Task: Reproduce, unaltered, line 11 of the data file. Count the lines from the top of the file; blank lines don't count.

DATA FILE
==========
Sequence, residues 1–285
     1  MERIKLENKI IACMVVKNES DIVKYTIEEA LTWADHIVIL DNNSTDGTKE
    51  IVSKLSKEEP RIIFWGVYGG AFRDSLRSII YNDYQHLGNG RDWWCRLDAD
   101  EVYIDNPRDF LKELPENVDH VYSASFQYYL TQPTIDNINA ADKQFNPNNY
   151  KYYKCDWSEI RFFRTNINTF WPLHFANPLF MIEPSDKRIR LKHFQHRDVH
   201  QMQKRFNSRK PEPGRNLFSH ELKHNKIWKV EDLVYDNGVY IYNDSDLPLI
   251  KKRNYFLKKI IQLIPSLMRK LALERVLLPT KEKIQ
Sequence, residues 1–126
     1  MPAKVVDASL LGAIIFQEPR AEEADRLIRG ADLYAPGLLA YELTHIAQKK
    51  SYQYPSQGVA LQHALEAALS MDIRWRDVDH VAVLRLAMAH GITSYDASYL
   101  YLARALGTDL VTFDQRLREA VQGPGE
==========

   101  YLARALGTDL VTFDQRLREA VQGPGE